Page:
Municipalities are indispensable to the public funding ecosystem for the nonprofit sector. In fact, amidst the unpredictability of provincial and federal funding in recent years, municipal funding has continued to increase over time. Using grants data from 21 municipalities in British Columbia, our research shows how the overall amount of municipal funding increased most years between 2006 and 2017. Funding in Squamish, for example, increased 282 per cent while funding in Port Moody skyrocketed 620 per cent. In Powell River, grant funding was $75,071 in 2006 and over $1 million in 2017. Grant funding was at least 50 per cent higher over ten years in most municipalities. Vancouver distributed $26.3 million in grants in 2017 alone.
Public funding for nonprofit organizations serves a mutually beneficial function. Nonprofits provide critical public services, advocate for social change, and offer community input for public policy. Governments, in turn, use nonprofits as a low-cost alternative to provide public services and to advance state policy. The relationship between the nonprofit sector and municipalities is especially vital in British Columbia. The province provides extensive services through local governments, which is one reason why British Columbia has among the largest number of local governments in the country. They also have a high degree of autonomy. The province’s municipalities are responsible for emergency planning; parks and recreation; air quality; fire protection and policing; economic development; licensing businesses; regulating buildings; social planning; and much more.
The data reveals how municipalities have had a profound impact on the nonprofit sector. At least 3337 organizations have received a municipal grant from these 21 municipalities alone between 2006 and 2017. In a province where, according to Statistics Canada, there were 20,270 nonprofit organizations in 2003, it is likely that a significant number of these organizations – if not a majority – have at least once benefitted from municipal funding (there are 162 municipalities in British Columbia). Symphonies, museums, art galleries, transition homes, Indigenous friendship centres, theatres, heritage foundations, and business improvement organizations among others have regularly received, if not relied upon, municipal grants. Municipalities’ impact on the nonprofit sector, however, is limited by four common funding practices.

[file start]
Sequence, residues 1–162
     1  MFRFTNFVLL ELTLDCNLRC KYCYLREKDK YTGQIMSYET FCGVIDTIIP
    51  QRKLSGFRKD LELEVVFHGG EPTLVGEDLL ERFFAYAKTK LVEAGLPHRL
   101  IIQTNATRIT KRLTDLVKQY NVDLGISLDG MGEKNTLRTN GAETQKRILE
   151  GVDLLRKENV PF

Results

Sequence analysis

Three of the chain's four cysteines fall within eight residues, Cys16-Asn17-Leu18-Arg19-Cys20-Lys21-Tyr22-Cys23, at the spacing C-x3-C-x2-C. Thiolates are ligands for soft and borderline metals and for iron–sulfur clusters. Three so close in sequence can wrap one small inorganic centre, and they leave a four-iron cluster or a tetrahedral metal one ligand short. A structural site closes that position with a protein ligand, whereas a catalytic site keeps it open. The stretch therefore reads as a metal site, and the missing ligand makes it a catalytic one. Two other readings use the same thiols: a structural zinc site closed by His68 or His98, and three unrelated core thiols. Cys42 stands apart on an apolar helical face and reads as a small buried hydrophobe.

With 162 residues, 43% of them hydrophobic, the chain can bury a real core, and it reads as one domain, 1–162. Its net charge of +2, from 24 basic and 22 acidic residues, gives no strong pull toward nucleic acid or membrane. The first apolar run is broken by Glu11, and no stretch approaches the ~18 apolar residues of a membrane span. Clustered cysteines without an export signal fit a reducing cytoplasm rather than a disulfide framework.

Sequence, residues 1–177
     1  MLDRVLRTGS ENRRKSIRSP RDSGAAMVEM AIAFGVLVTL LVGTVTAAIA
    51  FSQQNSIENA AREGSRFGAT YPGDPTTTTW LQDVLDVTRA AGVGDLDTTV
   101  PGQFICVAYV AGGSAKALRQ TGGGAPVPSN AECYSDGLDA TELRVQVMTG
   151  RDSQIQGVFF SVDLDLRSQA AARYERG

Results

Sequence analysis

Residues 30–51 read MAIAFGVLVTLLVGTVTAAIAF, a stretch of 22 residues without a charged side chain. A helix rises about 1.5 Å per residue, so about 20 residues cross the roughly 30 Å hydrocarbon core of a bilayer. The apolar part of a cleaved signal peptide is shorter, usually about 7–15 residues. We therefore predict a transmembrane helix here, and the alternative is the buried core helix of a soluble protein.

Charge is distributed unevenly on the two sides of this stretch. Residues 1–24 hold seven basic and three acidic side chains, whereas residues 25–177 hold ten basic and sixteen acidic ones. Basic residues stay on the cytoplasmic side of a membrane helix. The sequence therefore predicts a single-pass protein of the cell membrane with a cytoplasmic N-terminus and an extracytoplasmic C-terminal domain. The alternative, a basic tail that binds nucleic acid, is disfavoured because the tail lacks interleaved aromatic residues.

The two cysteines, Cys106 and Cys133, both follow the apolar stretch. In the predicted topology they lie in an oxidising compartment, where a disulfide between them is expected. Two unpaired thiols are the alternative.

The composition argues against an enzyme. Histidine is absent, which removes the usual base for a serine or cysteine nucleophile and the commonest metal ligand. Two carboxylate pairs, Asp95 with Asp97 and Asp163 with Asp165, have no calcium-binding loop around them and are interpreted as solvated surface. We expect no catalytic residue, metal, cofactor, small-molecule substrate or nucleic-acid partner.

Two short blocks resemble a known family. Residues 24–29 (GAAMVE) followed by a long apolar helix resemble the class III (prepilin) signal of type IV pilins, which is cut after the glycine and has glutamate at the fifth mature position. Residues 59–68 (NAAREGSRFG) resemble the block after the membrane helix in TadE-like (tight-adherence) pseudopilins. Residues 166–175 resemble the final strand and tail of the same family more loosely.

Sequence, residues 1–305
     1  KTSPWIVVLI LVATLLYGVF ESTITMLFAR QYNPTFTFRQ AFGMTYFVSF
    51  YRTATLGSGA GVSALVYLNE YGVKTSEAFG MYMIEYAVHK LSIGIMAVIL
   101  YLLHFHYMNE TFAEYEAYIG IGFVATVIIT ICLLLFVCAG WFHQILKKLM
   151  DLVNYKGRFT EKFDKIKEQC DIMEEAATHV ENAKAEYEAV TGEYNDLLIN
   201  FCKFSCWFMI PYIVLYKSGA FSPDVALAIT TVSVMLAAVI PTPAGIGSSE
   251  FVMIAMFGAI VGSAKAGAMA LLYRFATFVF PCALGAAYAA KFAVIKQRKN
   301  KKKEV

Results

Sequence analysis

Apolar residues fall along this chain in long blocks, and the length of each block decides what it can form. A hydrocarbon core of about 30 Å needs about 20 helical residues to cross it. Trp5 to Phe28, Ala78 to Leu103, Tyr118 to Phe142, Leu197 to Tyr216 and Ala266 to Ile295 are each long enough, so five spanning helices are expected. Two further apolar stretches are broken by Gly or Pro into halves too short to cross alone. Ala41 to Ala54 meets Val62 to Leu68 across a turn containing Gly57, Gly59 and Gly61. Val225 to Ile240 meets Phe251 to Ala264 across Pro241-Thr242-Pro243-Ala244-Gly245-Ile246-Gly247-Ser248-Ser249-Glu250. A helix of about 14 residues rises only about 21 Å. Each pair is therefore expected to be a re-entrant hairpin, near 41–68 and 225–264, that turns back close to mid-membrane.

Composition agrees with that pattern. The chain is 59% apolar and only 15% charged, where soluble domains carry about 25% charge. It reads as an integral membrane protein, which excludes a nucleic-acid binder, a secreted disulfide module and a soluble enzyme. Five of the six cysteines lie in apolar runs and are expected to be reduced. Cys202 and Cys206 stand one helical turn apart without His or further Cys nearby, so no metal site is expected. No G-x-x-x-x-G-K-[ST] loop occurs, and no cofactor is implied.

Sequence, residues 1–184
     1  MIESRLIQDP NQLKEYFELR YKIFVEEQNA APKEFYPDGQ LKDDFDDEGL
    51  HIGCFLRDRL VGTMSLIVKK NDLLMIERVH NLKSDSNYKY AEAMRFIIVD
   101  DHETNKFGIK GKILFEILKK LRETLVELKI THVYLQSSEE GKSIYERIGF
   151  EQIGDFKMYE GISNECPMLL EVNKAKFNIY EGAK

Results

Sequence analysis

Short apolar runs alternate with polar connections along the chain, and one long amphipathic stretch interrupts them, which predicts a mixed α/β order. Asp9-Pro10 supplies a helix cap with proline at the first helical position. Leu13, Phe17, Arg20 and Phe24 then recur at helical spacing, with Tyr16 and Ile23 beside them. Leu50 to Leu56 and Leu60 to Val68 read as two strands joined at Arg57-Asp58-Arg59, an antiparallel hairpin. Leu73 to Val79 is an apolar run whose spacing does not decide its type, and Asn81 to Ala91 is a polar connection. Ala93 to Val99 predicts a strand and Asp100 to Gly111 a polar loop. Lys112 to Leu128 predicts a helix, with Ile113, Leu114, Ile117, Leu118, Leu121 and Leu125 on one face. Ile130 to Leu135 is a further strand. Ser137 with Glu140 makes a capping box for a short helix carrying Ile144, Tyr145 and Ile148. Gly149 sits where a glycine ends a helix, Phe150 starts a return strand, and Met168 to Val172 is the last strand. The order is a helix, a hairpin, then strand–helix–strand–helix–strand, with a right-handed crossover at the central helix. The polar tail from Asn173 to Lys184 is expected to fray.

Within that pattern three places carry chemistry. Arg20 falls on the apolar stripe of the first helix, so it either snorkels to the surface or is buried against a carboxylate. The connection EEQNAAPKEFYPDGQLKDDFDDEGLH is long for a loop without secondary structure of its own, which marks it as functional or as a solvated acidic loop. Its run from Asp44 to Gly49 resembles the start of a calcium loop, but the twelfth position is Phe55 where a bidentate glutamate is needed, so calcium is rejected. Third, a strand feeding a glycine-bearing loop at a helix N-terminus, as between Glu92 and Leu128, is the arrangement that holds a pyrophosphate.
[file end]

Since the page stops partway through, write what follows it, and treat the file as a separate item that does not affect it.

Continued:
First, rather than support a diversity of nonprofit organizations, more than half of municipal funding was for arts, culture, heritage, economic development, and recreation. Every municipality prioritized these five sectors. Other sectors, such as health, environment, housing, advocacy, or religion received far less grant funding.
Secondly, funding is concentrated among a small number of organizations. Fifty per cent of all funding in each municipality (except Vancouver) went to ten or fewer organizations. In some municipalities, the number of recipients even declined while the amount of funding increased over time. Vancouver’s experience was the most extreme among municipalities. Fewer than five per cent of recipients received more than 50 per cent of all municipal funding.